Broadleaf is a real pain in the ass, but some people just can’t help but love it. Right out in the field, you can tell it’s not like it’s...
Broadleaf is a real pain in the ass, but some people just can’t help but love it.
Right out in the field, you can tell it’s not like it’s sophisticated shade-grown cousins. It’s bigger, thicker, and veinier. In short, it’s not as pretty. Tobacco growers regard it as a real “blue collar” leaf: strong, stubborn, and hard to work with. But, of course, if you can use it right, you get rewarded with great flavors of leather and mineral for a cigar unlike any other.
It starts at harvesting. While most tobacco is lovingly picked in primings, with particular leaves taken carefully and bunched for curing and fermenting, Broadleaf is chopped down, leaf and stem. It’s called stalk-cutting. You head out to the field, grab the plant by the center stalk, and chop the whole thing in one shot. Nothing delicate about it.
Next, you hang the plants upside down in a curing barn and start heating things up. Over a month or more, the leaves will lose their green color and turn a rich dark brown as they continue to pull nutrients from the stalk. Then it’s time for fermenting. During fermentation, huge piles of tobacco (pilones) are kept huddled together as warmth allows for the further breakdown of certain chemicals, causing the leaves to release harmful ammonia and develop mature flavors. After that, the Broadleaf can be aged according to a manufacturer’s desires. Once it’s fully aged, it’s time to roll.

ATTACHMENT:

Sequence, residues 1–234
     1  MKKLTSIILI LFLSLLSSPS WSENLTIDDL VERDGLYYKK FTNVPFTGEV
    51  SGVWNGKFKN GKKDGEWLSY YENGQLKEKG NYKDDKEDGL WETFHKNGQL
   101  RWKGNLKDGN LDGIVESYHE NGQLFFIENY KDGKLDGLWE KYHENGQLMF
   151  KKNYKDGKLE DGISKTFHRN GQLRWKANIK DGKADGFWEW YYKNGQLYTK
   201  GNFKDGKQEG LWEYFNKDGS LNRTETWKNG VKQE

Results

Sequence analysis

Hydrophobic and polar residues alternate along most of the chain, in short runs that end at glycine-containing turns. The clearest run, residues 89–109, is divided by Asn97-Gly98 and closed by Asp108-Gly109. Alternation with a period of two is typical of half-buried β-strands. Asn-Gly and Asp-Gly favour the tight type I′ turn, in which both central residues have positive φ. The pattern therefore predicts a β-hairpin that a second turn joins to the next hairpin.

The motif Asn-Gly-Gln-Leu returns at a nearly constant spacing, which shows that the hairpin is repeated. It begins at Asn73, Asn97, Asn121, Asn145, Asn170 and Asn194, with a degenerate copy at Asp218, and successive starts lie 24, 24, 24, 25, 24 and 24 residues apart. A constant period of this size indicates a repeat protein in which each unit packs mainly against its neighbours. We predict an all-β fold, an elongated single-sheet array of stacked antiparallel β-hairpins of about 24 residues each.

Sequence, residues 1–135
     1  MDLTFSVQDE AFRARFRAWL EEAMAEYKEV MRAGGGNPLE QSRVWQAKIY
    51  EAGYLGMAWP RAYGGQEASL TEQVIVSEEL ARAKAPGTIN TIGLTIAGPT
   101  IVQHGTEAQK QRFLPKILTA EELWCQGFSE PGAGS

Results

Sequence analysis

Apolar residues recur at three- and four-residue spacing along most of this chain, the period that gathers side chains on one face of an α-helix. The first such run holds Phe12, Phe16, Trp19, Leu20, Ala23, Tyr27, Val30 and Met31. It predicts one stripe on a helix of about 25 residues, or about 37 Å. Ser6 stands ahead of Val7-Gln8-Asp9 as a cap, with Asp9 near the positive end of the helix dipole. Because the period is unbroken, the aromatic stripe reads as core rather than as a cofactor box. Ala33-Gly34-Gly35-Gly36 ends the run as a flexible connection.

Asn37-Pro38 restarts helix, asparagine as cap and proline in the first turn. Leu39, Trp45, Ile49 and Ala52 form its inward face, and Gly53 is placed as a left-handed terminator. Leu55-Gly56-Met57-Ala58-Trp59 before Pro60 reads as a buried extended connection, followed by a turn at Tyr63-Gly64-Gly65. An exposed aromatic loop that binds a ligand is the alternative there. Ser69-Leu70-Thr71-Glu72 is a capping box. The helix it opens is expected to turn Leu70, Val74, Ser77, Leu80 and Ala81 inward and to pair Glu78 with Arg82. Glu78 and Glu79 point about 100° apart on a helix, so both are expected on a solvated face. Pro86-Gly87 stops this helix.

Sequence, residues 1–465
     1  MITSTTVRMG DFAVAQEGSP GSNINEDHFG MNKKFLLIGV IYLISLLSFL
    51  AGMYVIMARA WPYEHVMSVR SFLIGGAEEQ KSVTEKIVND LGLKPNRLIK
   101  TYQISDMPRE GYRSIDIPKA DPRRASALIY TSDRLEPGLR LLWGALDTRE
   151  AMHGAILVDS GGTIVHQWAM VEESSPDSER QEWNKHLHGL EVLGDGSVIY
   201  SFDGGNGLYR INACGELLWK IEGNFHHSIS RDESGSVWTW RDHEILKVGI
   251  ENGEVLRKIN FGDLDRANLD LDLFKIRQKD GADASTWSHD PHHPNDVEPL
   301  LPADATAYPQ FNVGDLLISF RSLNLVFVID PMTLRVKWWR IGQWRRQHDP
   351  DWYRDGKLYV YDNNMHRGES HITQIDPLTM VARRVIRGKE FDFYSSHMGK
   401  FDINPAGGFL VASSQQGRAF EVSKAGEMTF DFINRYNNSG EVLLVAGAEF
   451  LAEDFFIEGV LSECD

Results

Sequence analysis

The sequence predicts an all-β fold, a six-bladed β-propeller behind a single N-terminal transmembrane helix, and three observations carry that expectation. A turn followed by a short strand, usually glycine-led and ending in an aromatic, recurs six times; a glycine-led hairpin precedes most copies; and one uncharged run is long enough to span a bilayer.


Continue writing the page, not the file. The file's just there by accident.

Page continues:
And so we come to the point: Rocky Patel Broadleaf cigars, featuring that badass Broadleaf described above around a Honduran and Nicaraguan filler blend. You know the process that brought the leaf to your lips, now it’s time to cut, light, and enjoy the potent flavors of cocoa, espresso, honey, and pepper. You came a long way, baby, and the journey was well worth it.
Please browse our selection of Rocky Patel Broadleaf cigars at your leisure.